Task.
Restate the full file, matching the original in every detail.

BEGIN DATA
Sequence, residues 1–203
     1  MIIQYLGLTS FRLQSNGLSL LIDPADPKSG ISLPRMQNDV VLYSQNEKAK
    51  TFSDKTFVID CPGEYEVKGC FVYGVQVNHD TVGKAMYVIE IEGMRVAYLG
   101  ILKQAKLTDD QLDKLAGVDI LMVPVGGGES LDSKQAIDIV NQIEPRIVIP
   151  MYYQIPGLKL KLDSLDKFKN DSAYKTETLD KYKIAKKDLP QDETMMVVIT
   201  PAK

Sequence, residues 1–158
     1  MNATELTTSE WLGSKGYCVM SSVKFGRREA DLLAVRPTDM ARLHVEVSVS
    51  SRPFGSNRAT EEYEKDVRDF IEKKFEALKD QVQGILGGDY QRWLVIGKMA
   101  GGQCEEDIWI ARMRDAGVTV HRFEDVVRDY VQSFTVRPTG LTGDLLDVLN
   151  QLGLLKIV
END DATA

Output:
Sequence, residues 1–203
     1  MIIQYLGLTS FRLQSNGLSL LIDPADPKSG ISLPRMQNDV VLYSQNEKAK
    51  TFSDKTFVID CPGEYEVKGC FVYGVQVNHD TVGKAMYVIE IEGMRVAYLG
   101  ILKQAKLTDD QLDKLAGVDI LMVPVGGGES LDSKQAIDIV NQIEPRIVIP
   151  MYYQIPGLKL KLDSLDKFKN DSAYKTETLD KYKIAKKDLP QDETMMVVIT
   201  PAK

Sequence, residues 1–158
     1  MNATELTTSE WLGSKGYCVM SSVKFGRREA DLLAVRPTDM ARLHVEVSVS
    51  SRPFGSNRAT EEYEKDVRDF IEKKFEALKD QVQGILGGDY QRWLVIGKMA
   101  GGQCEEDIWI ARMRDAGVTV HRFEDVVRDY VQSFTVRPTG LTGDLLDVLN
   151  QLGLLKIV